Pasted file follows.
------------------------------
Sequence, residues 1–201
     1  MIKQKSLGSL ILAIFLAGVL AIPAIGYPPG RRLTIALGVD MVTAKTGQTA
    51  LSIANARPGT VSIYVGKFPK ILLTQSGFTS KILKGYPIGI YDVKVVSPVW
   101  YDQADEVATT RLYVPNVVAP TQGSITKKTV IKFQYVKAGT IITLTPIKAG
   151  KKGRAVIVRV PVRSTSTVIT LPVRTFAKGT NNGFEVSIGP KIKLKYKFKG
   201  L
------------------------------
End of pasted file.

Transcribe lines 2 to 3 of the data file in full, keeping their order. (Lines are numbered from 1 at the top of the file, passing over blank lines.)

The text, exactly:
     1  MIKQKSLGSL ILAIFLAGVL AIPAIGYPPG RRLTIALGVD MVTAKTGQTA
    51  LSIANARPGT VSIYVGKFPK ILLTQSGFTS KILKGYPIGI YDVKVVSPVW